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Reef salvage target: Jan. 30

US regrets grounding of minesweeper in Tubbataha Reef

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Giant waves batter the USS Guardian, a minesweeper that ran aground in the POWERLESS. Tubbataha Reefs in the Sulu Sea, tossing the ship some 90 degrees from its position on Thursday (inset) and making it parallel to the reef line. The photographs are courtesy of the AFP Western Command

Plans to remove the stranded United States Navy minesweeper USS Guardian from the Tubbataha Reef are expected to be finalized today, with a private Singaporean salvage company instructed to prioritize minimizing further environmental damage in the area.

This developed as the US government yesterday reiterated its regrets over the grounding of the USS Guardian on Tubbataha Reef and vowed to work with Philippine authorities to address the damage done to the World Heritage Site.

“On behalf of the United States government, I wish to convey to the Philippine government and people my profound regret over the grounding of the USS Guardian on Tubbataha Reef. This was an unfortunate accident, and I recognize the legitimate concerns over the damage caused to a unique and precious wonder of nature, internationally recognized for its beauty and biological diversity,” US Ambassador Harry Thomas said in a statement.

“We will work collaboratively with the Philippines to assess the damage and to take steps to address the environmental issues that have arisen from this incident,” he said.

Delicate operation

The Department of Transportation and Communications (DOTC) said Task Force Tubbataha was working closely with the US Navy and SMIT Singapore Pte Ltd, which are both sending several vessels to help in the delicate operation.

The removal of the ship, however, is not expected to be done until Jan. 30, when all vessels involved in the operation are scheduled to arrive at the site.

“Part of the salvage plan is to use a crane with high lifting capacity for the vertical removal of the stranded ship instead of just dragging it to avoid incurring more damage to the reef,” Transportation Secretary Joseph Emilio “Jun” Abaya said in a statement.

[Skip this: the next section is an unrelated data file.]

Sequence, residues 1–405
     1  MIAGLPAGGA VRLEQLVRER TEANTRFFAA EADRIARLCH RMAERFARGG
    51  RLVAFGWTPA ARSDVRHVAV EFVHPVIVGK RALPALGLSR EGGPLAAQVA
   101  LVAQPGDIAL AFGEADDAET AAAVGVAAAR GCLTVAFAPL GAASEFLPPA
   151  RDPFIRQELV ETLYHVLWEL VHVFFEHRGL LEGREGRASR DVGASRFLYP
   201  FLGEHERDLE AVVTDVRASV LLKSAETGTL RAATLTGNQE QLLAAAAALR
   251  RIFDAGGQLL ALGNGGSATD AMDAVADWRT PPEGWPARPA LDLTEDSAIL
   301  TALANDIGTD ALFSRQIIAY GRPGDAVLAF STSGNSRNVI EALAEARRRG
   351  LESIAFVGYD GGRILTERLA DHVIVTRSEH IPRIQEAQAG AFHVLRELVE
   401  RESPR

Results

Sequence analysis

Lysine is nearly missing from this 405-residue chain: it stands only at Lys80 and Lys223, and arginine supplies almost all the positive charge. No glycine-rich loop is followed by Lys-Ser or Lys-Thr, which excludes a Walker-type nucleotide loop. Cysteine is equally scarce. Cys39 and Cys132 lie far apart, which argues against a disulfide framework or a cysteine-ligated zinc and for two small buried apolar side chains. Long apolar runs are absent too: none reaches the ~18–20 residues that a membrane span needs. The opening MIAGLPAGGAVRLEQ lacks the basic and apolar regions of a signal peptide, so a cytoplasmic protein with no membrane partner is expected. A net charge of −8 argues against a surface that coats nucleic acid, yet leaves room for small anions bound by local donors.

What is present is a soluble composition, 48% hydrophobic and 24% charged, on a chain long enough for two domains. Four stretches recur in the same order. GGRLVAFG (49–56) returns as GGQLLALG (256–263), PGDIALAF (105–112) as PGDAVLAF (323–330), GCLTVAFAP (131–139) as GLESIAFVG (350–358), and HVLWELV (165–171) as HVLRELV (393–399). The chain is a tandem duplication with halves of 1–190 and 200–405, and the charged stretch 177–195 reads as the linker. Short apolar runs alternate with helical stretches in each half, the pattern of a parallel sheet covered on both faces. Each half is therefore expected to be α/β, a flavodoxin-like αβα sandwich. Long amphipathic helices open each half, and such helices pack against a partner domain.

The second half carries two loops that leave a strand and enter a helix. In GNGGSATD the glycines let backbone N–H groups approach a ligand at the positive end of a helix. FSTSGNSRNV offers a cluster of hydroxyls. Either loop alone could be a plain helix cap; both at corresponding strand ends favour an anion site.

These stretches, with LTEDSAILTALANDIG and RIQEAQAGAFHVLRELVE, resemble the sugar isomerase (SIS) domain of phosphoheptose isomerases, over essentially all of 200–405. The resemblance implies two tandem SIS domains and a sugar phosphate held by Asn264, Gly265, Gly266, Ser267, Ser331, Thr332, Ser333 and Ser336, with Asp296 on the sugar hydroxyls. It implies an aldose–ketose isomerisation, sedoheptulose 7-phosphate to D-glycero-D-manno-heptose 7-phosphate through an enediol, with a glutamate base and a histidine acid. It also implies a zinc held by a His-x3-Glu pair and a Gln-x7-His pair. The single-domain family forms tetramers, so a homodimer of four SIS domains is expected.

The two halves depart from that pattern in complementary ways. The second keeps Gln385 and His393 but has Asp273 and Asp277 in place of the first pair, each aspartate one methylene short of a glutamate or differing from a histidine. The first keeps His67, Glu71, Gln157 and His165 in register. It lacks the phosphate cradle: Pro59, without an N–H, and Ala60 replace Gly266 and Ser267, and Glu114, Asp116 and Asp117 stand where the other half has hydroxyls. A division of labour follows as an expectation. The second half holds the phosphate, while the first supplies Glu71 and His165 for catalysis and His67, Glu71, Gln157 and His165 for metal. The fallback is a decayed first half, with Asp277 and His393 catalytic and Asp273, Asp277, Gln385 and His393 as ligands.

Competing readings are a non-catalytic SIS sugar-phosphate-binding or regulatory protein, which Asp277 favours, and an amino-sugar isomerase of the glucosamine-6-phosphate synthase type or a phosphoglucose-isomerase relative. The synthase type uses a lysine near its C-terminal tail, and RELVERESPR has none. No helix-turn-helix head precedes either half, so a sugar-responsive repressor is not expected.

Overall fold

The DOTC said the US Navy would send a salvage vessel, the USNS Salvor, to the Sulu Sea on Saturday to aid in the removal.

SMIT Singapore, the company hired by the US Navy to lead to operation, would send SMIT Cyclone and SMIT Borneo. Both vessels are expected to arrive on Jan. 30.

Securing the ship

“They (US Navy, Philippine Navy and salvage company from Singapore) continued to secure the top side of the ship, removed all small items and secured other items that were left behind,” Philippine Coast Guard (PCG) Commandant Rear Admiral Rodolfo Isorena was quoted by the DOTC as saying.

Isorena said the removal of small items from the stranded ship was delayed for several hours—from 7 a.m. to 10 a.m. on Thursday—due to erratic weather conditions.

US Navy personnel started to transfer USS Guardian items and its crew’s personal effects to another US Navy ship, USNS Mustin.

Another ship, Vos Apollo, was able to get into position and conducted partial defueling of the USS Guardian.

Fuel tank drained

The stranded ship’s fuel tank was drained at a rate of 80 gallons per minute. It will take three defueling tanks to drain the USS Guardian. The DOTC said all salvage operations were still at the mercy of sea and weather conditions.

Earlier, the inspection team assessed that approximately 1,000 square meters of corals were severely damaged due to the incident.

Several militant groups have picketed the US Embassy in Manila to demand an apology from President Barack Obama and the US Navy. Some lawmakers have also called for the investigation of the incident.

The US ambassador said he was “deeply grateful” to the Philippine Coast Guard and Philippine Navy for their “close cooperation” with the US authorities who will also help in the investigation.